CSX Says Profit May Drop in 2016 as Cargo Decline Continues

  • Railroad says weakness in freight shipping to continue in 2016
  • Cost cuts help company beat fourth-quarter earnings estimates

CSX Corp. said earnings per share will probably decline in 2016 as a drop in coal freight continues to drag down the industry’s results.

The largest rail carrier in the eastern U.S. expects “negative global and industrial market trends” to weigh on profits this year, it said in a statement Tuesday. Low commodity prices and a strong dollar that makes U.S. exports more expensive in foreign markets are likely to weaken results this year, CSX said.

While the railroad’s fourth-quarter profit of 48 cents a share beat analyst estimates of 46 cents as the railroad cut costs, revenue tumbled 13 percent on slumping cargo volumes. Freight fell 6.4 percent for large U.S. rail companies in the quarter, led by a 20 percent coal decline, according to the Association of American Railroads.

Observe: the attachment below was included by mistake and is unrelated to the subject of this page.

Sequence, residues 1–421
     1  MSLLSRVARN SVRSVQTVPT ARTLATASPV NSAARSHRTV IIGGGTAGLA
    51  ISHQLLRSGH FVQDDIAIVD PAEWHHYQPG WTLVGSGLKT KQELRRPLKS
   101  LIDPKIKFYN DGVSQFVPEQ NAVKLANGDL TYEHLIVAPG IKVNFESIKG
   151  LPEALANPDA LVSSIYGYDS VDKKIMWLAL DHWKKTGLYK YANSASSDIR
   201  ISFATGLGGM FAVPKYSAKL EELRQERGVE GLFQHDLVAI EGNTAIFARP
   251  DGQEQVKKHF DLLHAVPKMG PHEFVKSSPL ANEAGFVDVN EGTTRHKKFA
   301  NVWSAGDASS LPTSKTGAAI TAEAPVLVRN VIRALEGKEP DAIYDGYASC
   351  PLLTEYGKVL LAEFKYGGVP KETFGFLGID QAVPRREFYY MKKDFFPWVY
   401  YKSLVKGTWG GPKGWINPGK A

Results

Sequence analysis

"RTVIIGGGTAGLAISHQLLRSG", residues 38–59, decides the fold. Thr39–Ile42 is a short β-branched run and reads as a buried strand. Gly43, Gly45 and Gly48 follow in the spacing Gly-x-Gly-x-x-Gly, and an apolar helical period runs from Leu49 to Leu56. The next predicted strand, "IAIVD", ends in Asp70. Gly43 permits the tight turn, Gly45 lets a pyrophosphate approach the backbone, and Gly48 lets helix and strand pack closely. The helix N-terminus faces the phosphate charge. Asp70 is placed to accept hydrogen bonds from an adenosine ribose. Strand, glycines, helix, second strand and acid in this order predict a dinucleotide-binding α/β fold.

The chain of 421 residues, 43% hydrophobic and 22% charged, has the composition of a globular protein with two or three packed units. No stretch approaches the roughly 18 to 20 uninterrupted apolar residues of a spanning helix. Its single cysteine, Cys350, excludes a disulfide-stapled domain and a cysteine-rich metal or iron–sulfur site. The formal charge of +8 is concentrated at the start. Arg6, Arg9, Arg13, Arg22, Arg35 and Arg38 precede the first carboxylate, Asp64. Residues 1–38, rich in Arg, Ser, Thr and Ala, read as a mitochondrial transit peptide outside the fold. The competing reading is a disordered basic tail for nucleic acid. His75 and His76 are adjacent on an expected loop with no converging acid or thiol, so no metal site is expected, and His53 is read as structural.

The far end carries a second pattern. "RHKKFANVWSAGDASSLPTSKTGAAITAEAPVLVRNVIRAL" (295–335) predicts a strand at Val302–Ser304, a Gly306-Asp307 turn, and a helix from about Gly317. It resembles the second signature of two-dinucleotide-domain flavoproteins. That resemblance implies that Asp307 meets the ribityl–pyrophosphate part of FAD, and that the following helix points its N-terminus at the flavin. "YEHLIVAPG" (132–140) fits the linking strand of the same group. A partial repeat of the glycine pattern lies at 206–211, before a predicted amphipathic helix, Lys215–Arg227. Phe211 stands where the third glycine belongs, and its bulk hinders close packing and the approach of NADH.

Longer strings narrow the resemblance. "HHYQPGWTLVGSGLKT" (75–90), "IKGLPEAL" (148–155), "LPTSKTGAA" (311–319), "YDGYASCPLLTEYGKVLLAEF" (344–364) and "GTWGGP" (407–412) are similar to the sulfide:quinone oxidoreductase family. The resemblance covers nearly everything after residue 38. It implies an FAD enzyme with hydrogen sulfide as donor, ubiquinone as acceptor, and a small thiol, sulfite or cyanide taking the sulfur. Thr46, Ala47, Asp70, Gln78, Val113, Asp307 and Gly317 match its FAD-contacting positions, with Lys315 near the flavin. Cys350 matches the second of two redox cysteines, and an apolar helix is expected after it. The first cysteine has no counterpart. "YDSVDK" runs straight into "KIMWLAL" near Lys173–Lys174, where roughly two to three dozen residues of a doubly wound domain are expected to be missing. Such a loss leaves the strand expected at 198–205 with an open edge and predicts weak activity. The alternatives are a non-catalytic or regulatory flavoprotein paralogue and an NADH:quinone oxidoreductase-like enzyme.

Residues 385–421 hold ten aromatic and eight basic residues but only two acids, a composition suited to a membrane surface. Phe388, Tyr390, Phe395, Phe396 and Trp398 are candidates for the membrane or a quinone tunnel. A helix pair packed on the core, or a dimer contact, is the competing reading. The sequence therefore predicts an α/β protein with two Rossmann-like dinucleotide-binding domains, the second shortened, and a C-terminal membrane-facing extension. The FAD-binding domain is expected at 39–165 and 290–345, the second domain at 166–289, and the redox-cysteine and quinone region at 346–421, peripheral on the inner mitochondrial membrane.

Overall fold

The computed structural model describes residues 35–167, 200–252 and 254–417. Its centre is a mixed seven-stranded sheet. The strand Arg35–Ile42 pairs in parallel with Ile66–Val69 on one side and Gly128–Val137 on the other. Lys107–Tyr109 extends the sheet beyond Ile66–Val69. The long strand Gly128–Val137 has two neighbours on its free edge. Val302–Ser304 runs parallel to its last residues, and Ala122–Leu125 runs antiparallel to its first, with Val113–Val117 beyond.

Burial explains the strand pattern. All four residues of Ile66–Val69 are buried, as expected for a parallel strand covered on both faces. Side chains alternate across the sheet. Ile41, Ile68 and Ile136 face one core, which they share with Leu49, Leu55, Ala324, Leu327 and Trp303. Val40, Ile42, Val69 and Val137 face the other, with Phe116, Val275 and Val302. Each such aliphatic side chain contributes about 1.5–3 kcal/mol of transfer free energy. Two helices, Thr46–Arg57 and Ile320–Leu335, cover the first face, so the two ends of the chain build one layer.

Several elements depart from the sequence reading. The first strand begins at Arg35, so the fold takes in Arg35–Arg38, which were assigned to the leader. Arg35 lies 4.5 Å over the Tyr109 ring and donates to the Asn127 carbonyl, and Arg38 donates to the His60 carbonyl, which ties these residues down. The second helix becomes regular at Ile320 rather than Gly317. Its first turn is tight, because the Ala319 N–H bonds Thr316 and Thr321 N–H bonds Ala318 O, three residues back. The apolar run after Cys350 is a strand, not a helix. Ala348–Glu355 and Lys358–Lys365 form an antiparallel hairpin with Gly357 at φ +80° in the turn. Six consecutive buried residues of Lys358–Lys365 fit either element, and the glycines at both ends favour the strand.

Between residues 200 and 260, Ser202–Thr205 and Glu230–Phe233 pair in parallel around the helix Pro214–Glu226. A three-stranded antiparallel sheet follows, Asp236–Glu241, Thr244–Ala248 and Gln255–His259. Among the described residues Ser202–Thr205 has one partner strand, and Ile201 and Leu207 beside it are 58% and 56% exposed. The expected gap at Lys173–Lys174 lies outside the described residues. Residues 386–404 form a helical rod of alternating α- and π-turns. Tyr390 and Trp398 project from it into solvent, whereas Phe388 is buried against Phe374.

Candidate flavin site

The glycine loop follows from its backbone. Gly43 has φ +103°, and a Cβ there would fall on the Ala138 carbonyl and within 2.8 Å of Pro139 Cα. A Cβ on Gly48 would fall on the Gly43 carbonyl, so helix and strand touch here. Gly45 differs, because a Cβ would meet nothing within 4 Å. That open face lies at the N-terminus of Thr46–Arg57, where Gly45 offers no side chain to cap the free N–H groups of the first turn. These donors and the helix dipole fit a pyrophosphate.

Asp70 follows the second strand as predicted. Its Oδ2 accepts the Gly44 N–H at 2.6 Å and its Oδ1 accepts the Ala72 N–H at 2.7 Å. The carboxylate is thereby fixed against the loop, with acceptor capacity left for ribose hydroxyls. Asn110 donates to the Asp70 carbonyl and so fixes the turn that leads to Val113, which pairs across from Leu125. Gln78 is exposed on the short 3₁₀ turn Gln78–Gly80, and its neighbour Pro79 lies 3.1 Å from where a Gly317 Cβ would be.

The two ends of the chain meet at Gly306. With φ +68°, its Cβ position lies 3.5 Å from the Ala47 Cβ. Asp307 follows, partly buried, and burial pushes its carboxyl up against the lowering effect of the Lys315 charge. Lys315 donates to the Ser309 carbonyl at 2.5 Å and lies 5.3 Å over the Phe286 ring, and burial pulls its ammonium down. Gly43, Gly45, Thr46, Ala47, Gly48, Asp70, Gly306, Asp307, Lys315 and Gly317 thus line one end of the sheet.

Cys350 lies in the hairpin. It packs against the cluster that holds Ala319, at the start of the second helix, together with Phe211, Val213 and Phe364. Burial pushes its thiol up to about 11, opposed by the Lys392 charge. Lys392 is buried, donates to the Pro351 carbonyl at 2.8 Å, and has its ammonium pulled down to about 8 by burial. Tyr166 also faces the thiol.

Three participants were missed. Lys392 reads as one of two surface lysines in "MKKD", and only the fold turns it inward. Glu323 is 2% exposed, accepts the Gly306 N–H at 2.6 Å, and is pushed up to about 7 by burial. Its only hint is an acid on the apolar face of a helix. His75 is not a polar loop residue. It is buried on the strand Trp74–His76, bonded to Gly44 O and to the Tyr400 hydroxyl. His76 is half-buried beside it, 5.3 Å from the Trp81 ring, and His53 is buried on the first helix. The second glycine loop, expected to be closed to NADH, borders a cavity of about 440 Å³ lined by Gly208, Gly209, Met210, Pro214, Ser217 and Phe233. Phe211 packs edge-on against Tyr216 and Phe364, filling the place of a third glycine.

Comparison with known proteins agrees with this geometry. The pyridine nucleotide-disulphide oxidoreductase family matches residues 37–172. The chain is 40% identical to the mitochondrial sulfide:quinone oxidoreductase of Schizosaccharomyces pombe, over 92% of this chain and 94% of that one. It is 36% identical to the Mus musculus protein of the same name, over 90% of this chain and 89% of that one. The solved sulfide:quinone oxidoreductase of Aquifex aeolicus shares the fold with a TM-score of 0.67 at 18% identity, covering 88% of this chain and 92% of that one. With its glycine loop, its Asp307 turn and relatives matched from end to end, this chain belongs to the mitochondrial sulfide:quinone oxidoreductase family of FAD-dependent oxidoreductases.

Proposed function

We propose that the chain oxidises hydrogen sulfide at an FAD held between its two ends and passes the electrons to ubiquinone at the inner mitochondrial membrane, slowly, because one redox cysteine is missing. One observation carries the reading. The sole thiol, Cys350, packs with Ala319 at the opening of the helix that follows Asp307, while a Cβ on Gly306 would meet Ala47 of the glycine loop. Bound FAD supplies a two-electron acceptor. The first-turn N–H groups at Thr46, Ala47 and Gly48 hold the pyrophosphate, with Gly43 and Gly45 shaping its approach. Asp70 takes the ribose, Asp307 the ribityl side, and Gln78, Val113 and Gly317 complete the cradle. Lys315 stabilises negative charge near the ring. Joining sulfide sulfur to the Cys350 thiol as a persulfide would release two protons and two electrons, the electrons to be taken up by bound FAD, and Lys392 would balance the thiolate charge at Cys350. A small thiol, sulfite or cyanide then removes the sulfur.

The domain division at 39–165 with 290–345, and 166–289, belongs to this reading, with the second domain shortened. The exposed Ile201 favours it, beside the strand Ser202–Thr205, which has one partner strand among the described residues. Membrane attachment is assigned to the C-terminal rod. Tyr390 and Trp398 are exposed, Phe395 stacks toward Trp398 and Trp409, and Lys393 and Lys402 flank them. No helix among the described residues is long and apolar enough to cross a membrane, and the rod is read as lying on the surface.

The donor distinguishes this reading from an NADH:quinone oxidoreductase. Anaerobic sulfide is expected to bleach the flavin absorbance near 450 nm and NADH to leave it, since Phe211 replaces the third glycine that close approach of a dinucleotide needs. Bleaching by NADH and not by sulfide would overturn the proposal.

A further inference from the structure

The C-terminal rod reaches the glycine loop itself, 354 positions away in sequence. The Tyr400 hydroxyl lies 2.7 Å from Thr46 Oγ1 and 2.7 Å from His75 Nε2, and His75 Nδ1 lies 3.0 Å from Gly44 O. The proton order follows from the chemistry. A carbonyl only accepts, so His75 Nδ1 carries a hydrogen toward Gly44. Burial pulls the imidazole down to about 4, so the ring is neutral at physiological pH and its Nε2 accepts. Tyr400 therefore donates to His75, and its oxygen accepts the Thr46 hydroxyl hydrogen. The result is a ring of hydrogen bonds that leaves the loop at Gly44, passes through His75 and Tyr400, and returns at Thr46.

The forecast of lower 2016 earnings per share may put “modest pressure on the stock,” said Ben Hartford, an analyst with Robert W. Baird & Co. in a note. CSX’s earnings per share will be little changed this year compared with last year’s level, according to analyst estimates compiled by Bloomberg.

CSX fell 2.2 percent to $23.17 after markets closed in New York. The shares plunged 30 percent in the 12 months through Tuesday’s close.

The company shut mechanical shops in Kentucky and closed switching operations in Tennessee to reduce expenses, a focus of all North American railroads as cargo demand shrinks.

A previously disclosed property sale added 5 cents a share to fourth-quarter earnings.

“CSX will continue to be rigorous about efficiency, resources and service quality in order to maximize shareholder value and achieve a mid-60s operating ratio longer term,” the company said.

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